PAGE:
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Close Look

11 Revelatory Artworks at Frieze New York


11 Revelatory Artworks at Frieze New York
Paul McCarthy's Balloon Dog outside Frieze New York's tent

Quality abounds at this year's edition of Frieze New York, with exceptional new pieces by the world's most celebrated artists mingling with deeper cuts of illuminating works from early in their careers. There's plenty of provocation on hand as well, notably Paul McCarthy's surprisingly direct broadside of Jeff Koons in the form of glossy sculptures of balloon dogs—with a gigantic hot-air version perched outside the fair's entrance—that tweak that fellow mega-artist for his eyebrow-raising 2011 legal fight with a small San Francisco bookstore selling mini balloon dog sculptures. (Koons had insisted that, as the creator of famous shiny balloon dogs, he owned the exclusive right to balloon dogs worldwide; the court disagreed.)

Appropriation, of course, is a topic very much in the news these days, but what's intriguing here is that instead of having a famous artist borrow work from a lesser-known or dead one (say, de Kooning) this little ruckus involves two of the world's most prominent artists, and at a time when both of them have enormously high-profile gallery shows in Manhattan. It's also the second time McCarthy has mimicked Koons: back in 2002 he did a couple grotesque versions of the artist's famous Michael Jackson and Bubbles sculptures, one of which, Michael Jackson Fucked Up (Big Head), sold at Christie's for $2.2 million. Evidently McCarthy has a thing for the glossy, arch-perfectionist artist. In any case, here's a look at 11 of Frieze New York's standout artworks—a few of which, it so happens, involve twists on appropriation.


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Probably the biggest word-of-mouth success at the fair, Marian Goodman devoted her booth to one of Turner Prize-nominated artist Tino Sehgal's stranger performance pieces: visitors enter the enclosed space in small groups and find a whippet of a girl who introduces herself as "Ann Lee," a 13-year-old manga character that the artists Philippe Parreno and Pierre Huyghe have used in their work. The girl, possessed of a preternatural cool and moving with the slow, deliberate gestures of a robot from the uncanny valley, explains that, for whatever reason, the artists decided to bring her to life, and she asks members of the audience to explain what it's like to be human (posing stumpers like, "What is the relationship between a sign and melancholia?"). The artist, meanwhile, sits outside the booth. The work comes in an edition of three, and, like the rest of Sehgal's work, is prohibited from being photographed or reproduced in any way.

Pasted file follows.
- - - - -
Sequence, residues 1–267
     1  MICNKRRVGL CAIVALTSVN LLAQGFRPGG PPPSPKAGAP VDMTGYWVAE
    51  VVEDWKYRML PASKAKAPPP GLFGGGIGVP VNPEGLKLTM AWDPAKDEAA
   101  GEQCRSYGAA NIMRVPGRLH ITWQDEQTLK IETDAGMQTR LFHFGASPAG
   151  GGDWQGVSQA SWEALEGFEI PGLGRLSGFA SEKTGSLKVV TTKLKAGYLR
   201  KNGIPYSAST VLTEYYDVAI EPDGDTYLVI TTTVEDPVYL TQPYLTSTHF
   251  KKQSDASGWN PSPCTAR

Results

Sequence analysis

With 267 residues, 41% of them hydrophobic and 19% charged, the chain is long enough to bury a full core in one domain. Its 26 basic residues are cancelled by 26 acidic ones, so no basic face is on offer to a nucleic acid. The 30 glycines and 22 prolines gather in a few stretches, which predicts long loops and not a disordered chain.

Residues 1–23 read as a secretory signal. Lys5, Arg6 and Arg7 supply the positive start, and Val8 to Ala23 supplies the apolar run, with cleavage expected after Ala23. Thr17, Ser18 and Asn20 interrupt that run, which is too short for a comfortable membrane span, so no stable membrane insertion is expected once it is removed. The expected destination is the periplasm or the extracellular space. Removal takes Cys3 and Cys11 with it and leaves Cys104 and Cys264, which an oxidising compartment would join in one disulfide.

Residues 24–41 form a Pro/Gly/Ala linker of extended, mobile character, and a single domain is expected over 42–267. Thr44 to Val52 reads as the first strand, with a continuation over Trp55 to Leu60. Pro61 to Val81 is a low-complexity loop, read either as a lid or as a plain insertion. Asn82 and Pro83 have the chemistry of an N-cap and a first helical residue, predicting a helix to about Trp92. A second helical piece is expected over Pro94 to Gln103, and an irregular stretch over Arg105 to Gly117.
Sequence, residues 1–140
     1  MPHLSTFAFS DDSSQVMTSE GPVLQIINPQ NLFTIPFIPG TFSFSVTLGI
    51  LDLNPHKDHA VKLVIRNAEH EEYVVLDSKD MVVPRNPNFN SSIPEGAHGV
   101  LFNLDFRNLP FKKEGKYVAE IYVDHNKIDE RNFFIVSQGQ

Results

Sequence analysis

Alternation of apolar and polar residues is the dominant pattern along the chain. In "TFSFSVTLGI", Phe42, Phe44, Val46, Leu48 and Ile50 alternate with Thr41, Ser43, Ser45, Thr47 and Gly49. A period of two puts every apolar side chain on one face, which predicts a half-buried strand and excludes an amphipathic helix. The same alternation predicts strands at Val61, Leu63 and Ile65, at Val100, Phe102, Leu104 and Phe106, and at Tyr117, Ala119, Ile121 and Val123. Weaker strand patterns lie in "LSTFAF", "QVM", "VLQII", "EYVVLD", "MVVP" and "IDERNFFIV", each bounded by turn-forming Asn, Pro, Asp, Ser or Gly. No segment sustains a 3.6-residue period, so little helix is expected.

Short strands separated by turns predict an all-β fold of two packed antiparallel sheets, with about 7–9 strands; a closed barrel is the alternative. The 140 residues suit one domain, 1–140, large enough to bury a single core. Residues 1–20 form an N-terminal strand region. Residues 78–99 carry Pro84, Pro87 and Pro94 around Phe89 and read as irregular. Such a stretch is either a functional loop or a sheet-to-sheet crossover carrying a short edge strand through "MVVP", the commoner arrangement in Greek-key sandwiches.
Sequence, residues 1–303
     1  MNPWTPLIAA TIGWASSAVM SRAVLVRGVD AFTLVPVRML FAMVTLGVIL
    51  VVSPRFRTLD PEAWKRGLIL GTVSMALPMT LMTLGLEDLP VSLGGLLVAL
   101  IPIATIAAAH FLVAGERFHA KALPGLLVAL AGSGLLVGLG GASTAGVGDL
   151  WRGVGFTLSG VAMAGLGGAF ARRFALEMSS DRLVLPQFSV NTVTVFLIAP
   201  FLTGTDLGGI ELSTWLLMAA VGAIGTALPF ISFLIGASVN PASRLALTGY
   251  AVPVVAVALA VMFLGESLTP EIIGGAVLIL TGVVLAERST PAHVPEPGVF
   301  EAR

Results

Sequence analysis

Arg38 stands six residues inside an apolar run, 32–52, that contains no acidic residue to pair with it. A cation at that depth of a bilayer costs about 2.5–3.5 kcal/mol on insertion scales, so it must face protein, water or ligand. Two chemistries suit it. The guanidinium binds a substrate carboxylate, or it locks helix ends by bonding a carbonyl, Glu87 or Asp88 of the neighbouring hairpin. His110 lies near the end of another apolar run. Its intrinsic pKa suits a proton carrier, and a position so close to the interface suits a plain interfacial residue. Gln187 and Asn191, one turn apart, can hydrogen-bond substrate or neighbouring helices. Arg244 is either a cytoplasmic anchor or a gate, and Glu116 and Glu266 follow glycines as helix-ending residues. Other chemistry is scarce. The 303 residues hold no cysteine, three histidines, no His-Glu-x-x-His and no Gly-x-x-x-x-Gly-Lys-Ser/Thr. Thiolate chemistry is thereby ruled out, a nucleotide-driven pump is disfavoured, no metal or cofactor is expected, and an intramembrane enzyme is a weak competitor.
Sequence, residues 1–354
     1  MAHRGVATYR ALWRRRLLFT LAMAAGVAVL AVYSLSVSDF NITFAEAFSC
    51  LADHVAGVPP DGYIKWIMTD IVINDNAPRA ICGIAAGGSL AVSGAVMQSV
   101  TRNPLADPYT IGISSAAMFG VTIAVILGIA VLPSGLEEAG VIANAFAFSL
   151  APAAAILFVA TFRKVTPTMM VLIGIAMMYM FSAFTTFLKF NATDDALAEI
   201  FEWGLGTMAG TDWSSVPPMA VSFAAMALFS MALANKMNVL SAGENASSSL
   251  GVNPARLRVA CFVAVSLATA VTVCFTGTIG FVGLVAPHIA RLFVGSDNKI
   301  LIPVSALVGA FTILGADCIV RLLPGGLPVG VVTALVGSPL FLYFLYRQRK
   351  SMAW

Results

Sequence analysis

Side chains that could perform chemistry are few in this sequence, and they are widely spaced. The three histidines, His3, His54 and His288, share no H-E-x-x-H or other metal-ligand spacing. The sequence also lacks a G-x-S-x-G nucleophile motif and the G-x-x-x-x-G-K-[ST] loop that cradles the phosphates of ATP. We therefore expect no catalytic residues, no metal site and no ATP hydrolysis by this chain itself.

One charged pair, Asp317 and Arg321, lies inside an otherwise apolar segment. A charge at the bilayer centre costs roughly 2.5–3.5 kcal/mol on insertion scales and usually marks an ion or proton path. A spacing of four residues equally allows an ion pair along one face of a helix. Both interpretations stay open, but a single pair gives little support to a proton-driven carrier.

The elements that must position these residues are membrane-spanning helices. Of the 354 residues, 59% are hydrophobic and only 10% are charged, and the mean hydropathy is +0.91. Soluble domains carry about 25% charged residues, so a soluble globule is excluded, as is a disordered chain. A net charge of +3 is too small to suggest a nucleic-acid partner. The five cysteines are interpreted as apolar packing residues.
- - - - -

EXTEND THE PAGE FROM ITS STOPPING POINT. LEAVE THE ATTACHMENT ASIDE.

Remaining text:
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With McCarthy aping Koons and Sehgal trespassing into the work of Parreno and Huyghe, it's interesting to note that the new series at Sadie Coles Gallery by Richard Prince—both the jester and king of appropriation—seems to portend a move away from that controversial practice. Showing the artist's growth as a painter and his continuing interest in uniting painting and photography to test new strategies of figuration, the series, which debuted in London earlier this year, actually includes photos that the artist took himself and ink-jet printed onto the canvas (along with some photos he didn't). Who knows? If Prince began using all of his own photographs, it could save him a few headaches.


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An apparition in luminescent lime green, Do Ho Suh's sculptural installation at Lehmann Maupin recreates a corridor from an apartment where the artist once stayed during a residency in Berlin, manifesting a kind of sense memory of that temporary home—a commentary, like much of his work, on the itinerant lives of emigrants in a global society, some of whom have no homeland to return to. Made out of polyester fabric in an edition of three, shows the artist working at his most crowd-pleasing scale, allowing viewers to enter the work and share, in a dreamlike fashion, a moment in his memory.


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Pure fun is to be had at Luhring Augustine's solo presentation of new work by Tom Friedman, including an array of new food pieces, carved from styrofoam and painted, that include a life-sized pea displayed almost invisibly on one wall (it sold, for $35,000). This extra-extra-large pizza, on the other hand, drips with wall power to spare, with pepperoni made from painted canvas and other toppings, like olives and onions, astonishingly created purely out of built-up paint. In another demonstration of virtuosity, a pair of beat-up New Balances with socked-feat sticking out of them (even the laces are carved from styrofoam) stands in a corner as a self portrait of the artist, who's known for wearing the sneakers around the studio.